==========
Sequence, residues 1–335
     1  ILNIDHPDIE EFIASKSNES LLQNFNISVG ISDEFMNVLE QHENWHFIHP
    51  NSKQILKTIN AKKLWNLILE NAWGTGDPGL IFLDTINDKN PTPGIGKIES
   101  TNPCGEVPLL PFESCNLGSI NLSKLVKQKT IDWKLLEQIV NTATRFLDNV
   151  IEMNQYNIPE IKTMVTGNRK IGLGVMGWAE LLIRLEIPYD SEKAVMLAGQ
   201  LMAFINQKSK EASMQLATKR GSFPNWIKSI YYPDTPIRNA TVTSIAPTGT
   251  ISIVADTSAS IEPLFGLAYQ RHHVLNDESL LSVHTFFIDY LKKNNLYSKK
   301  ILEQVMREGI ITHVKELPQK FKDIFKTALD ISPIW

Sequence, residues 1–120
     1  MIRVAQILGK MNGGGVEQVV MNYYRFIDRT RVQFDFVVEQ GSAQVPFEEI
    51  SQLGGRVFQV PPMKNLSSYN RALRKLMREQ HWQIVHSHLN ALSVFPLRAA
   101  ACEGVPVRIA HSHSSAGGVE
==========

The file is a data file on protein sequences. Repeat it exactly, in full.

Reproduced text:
Sequence, residues 1–335
     1  ILNIDHPDIE EFIASKSNES LLQNFNISVG ISDEFMNVLE QHENWHFIHP
    51  NSKQILKTIN AKKLWNLILE NAWGTGDPGL IFLDTINDKN PTPGIGKIES
   101  TNPCGEVPLL PFESCNLGSI NLSKLVKQKT IDWKLLEQIV NTATRFLDNV
   151  IEMNQYNIPE IKTMVTGNRK IGLGVMGWAE LLIRLEIPYD SEKAVMLAGQ
   201  LMAFINQKSK EASMQLATKR GSFPNWIKSI YYPDTPIRNA TVTSIAPTGT
   251  ISIVADTSAS IEPLFGLAYQ RHHVLNDESL LSVHTFFIDY LKKNNLYSKK
   301  ILEQVMREGI ITHVKELPQK FKDIFKTALD ISPIW

Sequence, residues 1–120
     1  MIRVAQILGK MNGGGVEQVV MNYYRFIDRT RVQFDFVVEQ GSAQVPFEEI
    51  SQLGGRVFQV PPMKNLSSYN RALRKLMREQ HWQIVHSHLN ALSVFPLRAA
   101  ACEGVPVRIA HSHSSAGGVE